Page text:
Trauma and Daimonic Possession
Nick Coote, chaired by Penny Holland
Saturday 30 January 2010, 11.00 am – 1.00 pm
This presentation will show that both classical Jungian thought about mythological/archetypal symbols and post-Jungian ideas about ‘possessive’ complexes can be helpful in thinking about the effects of childhood trauma particularly on children and young people, as well as on the adult survivor. Presented from the view of a child and adolescent specialist, the talk will include video illustrations from popular ‘mythological’ film, and will be of interest to both child and adult practitioners as well as to an audience with a general interest in Jungian theory.
Nick Coote is a clinical psychologist with a long interest in Jungian and other psychodynamic thought. He currently leads a specialist centre in Fife offering services for children and adolescents traumatised by sexual abuse.
Money, Myth and Magical Thinking
Workshop, led by Frances Milne
Saturday 17 April 2010, 2.00 – 5.00 pm. Maximum 20 places
James Hillman, in his paper on Soul and Money, describing money as an archetypal psychic reality, writes: ‘Money problems are inevitable, necessary, irreducible, always present and potentially, if not actually, overwhelming. Money is devilishly divine’. Through myth, fairy tale and literature we shall explore the ways in which the psyche is fascinated by money, in particular by its potential for transformation, and by its ever-present, complex and powerful role in our lives.
Frances Milne trained at the C G Jung Institute in Zurich and is in private practice in Aberdeen. She has a special interest in the psychological interpretation of myths and fairy tales. She is a member of the Independent Group of Analytical Psychologists and of the International Association for Analytical Psychology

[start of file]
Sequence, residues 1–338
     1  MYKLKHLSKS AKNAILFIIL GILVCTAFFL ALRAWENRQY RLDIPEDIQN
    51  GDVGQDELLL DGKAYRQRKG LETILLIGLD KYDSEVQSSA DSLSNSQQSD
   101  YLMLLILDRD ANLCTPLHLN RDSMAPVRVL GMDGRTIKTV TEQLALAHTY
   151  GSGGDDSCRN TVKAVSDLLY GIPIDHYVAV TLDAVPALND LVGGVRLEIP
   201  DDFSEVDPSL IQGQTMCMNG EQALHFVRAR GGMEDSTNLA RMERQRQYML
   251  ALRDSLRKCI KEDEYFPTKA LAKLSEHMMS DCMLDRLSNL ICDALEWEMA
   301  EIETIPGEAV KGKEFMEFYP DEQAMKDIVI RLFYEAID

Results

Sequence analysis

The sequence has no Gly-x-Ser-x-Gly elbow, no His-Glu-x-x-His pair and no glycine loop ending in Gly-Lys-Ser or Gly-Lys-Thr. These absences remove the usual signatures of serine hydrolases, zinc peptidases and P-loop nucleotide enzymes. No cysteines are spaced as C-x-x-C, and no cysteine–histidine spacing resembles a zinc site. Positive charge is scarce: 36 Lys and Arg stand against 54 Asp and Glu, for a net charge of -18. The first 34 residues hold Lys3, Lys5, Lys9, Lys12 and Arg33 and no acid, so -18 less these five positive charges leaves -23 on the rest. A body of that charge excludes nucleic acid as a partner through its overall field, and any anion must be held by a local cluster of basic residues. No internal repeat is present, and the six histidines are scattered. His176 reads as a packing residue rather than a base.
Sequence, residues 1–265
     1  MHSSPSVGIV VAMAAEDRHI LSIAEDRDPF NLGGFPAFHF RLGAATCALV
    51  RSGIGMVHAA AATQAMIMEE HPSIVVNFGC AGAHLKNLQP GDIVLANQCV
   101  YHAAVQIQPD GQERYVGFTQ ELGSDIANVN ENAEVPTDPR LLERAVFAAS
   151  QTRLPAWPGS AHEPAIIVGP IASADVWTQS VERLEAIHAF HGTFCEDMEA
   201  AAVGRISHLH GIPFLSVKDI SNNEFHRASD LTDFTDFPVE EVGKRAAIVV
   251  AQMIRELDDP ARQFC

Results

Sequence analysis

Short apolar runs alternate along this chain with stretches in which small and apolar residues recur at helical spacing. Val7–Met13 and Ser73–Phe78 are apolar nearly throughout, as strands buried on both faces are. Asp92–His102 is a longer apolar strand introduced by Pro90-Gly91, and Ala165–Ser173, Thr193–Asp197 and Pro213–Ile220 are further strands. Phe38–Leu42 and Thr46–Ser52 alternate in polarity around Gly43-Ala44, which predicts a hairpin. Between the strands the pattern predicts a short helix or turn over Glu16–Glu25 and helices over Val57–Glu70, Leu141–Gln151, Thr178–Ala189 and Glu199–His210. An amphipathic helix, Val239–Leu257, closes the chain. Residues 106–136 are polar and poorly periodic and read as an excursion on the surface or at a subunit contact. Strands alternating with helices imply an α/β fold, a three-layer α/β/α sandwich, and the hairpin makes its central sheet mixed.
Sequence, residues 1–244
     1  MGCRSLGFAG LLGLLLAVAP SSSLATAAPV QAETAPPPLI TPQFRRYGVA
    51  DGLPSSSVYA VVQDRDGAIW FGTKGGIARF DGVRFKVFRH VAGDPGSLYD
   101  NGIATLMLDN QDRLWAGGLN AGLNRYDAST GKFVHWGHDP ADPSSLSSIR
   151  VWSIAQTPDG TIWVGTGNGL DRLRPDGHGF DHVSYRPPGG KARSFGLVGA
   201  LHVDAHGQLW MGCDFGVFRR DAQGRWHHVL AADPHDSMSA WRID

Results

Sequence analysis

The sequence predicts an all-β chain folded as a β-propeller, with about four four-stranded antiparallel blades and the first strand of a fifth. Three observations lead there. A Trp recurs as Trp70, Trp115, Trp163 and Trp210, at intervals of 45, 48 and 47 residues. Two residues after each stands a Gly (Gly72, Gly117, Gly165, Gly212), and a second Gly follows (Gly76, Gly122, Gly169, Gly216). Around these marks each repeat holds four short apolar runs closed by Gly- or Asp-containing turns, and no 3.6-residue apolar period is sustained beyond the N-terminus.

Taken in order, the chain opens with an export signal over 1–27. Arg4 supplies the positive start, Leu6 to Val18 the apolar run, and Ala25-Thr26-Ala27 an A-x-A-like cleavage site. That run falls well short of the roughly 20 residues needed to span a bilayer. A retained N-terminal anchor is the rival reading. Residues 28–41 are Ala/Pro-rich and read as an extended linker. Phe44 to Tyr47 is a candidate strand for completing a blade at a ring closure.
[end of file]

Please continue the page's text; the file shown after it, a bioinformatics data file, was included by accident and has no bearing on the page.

The Adversary: Opposition and Change in the Psyche
Jim Fitzgerald, chaired by Frances Milne
Saturday 15 May 2010, 11.00 am – 1.00 pm
The figure of the Adversary or Antagonist appears from the earliest times in the myths of many cultures. His emergence in the collective or individual psyche signifies the constellation of a conflict, the outcome of which will remain in doubt until his energies are either subdued or integrated. Until such time, a state of fragmentation and disorder prevails. Looking at various mythic stories of the Adversary, we will consider his place in the psychic economy, for good or evil. The possibilities for radical change which his appearance suggests will also be considered.
Jim Fitzgerald is an Irish Jungian Analyst, practising in London. He trained at the C G Jung Institute in Zurich and is a member of the Independent Group of Analytical Psychologists in the UK and of The Guild of Analytical Psychology and Spirituality. With a background in Ancient Classics, he teaches and lectures widely in Ireland, the UK and abroad.
Had We but World Enough, and Time – Jungian Reflections on the Relationship between Love and Time in Couple Psychotherapy
David Hewison, chaired by Penny Holland
Saturday 19 June 2010, 11.00 am – 1.00 pm
This talk addresses the contrast between the urgency present in Andrew Marvell’s address ’To his Coy Mistress’ and the time needed to make – and indeed, survive – a committed relationship as an adult. David Hewison will draw on Jung’s understanding of the marital relationship as one between container and contained, attempting to explain what this means in terms of real people. He will illustrate this with an account of a relationship between a couple – Harry and Laura – who entered a 4-year couple therapy in great distress because of the gap between who they thought they were and what they discovered about themselves. They left in a different state: more aware of themselves as individuals and so more able to relate as a couple.